Consideration must be taken for the patient’s unique user needs, socioeconomic status, and availability of internet access. There are ethical concerns with the use of telepresence services, one being the inability to establish a quality patient-provider relationship due to the reduction in face to face visits. The ability to create a therapeutic relationship can be challenging to manage in person and even more so remotely, and if a relationship has not been established before the utilization of telepresence devices a disconnect can be created, leading to an untrusting relationship. Patients with dementia are at risk of isolation since they already have low engagement in social interactions. The use of telepresence could further reduce their social contacts by telepresence, because they could stay home instead of engaging in community events. The decrease in face-to-face social interaction of health care providers and family members can lead to a patient feeling a sense of loss, an increase in objectification, a feeling of loss of control, and a sense of overall privacy. Family members utilizing telepresence may feel they are invading the patient’s privacy if the device is turned on without the patient being aware, especially if the patient has a lack of ability to control the device (Niemelä, Van Aerschot, Tammela, Aaltonen, & Lammi, 2019).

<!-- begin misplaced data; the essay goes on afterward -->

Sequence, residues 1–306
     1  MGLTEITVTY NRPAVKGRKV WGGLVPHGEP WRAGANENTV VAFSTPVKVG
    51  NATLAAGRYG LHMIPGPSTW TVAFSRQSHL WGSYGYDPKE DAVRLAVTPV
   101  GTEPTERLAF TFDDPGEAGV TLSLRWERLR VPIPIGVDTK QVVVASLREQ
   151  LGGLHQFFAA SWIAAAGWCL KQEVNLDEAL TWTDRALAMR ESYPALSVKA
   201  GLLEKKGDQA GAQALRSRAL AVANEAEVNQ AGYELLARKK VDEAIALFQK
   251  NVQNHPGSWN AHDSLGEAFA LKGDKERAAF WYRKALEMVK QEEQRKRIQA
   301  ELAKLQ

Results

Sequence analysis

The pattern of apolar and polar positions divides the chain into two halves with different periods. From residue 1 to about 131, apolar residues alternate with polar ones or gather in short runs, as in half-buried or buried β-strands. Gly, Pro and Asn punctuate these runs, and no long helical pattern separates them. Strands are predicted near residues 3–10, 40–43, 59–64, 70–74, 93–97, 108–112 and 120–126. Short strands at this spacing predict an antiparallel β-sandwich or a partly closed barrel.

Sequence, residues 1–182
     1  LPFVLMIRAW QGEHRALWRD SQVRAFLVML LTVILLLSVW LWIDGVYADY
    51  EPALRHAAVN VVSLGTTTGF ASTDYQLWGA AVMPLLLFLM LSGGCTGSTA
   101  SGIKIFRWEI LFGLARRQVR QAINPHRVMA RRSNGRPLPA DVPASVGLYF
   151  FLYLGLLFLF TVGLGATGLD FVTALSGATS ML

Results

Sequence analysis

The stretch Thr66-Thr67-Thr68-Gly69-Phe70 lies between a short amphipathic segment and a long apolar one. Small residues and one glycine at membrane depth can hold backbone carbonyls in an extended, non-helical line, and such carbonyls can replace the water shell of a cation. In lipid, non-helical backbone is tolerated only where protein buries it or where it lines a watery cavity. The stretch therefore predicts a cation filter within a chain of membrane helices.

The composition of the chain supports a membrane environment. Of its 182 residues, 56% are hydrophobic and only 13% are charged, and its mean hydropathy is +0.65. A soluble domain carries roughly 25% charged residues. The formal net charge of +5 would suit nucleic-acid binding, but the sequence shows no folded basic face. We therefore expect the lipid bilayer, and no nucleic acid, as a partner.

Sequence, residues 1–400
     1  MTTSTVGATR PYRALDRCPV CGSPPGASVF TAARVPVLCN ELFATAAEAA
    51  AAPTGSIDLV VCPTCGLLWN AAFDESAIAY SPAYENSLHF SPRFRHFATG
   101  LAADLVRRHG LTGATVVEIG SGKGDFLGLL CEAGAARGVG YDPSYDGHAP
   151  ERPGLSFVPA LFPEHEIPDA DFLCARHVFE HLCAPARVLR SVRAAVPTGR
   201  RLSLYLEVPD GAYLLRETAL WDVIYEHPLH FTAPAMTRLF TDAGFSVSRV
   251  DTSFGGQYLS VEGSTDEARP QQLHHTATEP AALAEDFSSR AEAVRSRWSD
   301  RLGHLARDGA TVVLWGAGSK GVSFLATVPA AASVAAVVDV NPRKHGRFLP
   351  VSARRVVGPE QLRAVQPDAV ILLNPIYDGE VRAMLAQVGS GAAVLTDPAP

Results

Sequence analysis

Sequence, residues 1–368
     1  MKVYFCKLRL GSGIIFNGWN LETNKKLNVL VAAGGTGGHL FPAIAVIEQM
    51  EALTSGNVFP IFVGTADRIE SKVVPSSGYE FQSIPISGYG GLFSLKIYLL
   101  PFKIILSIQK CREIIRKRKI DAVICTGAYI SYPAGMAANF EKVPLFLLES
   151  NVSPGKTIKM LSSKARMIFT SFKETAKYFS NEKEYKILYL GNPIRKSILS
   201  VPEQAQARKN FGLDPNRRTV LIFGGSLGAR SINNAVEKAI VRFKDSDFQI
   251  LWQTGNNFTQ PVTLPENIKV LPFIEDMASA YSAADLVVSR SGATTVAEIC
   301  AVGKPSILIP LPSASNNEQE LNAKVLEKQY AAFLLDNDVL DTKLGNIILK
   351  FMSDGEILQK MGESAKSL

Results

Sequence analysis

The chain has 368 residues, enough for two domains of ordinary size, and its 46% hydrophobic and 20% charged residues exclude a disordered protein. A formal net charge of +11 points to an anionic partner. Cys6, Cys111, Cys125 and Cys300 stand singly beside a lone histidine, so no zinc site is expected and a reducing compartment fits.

Currently, there is limited reimbursement in the use of telepresence services. The lack of reimbursement has caused a fragment of available services currently covered under insurance. This leads to a limited widespread use of both telepresence and telehealth services (Dorsey & Topol, 2016). Financial obligations in the installation, use, repair, maintenance, and the requirement for internet use has a high cost associated with the patient and organization prescribing the device. According to Dahl and colleagues, as the use of telepresence increases, the overall cost can decrease over time with reimbursement increasing (2013). Due to the fragmented use of the services in health care, there is also disjointed patient care with little standardization. There is little research on how to manage crisis situations in an online context of telepresence devices with little or no standardization of practice (Glueckauf et al., 2018). A common repeated and prominent area of an ethical concern for both health care providers and patients is the confidentiality of sensitive patient data used in telepresence technologies. A secure system must be put into place to ensure privacy is guaranteed for the patient and their family. The Giraff robotic system does not interface or record sensitive patient data (Moyle, Jones, Dwan, Ownsworth, & Sung, 2018).